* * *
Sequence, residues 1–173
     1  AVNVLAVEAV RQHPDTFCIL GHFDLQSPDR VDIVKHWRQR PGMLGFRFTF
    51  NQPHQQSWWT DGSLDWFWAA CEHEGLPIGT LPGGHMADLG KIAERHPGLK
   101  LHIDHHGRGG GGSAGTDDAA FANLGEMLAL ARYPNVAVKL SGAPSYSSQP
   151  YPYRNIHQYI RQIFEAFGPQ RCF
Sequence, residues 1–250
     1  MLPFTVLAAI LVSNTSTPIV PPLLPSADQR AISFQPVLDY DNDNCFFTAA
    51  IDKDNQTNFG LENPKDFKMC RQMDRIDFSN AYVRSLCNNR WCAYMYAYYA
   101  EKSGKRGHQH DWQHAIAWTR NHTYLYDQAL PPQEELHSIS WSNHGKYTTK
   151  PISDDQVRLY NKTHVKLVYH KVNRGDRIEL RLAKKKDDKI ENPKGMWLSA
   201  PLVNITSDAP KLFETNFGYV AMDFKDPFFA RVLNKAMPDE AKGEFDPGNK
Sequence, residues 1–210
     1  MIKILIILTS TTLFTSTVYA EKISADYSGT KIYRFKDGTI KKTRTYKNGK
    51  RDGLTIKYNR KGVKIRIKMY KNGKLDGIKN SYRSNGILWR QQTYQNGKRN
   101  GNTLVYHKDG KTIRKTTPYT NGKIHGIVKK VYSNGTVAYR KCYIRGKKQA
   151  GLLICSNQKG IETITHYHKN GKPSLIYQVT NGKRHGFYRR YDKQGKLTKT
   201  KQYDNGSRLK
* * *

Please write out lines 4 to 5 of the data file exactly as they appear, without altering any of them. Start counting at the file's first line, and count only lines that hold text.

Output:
   101  LHIDHHGRGG GGSAGTDDAA FANLGEMLAL ARYPNVAVKL SGAPSYSSQP
   151  YPYRNIHQYI RQIFEAFGPQ RCF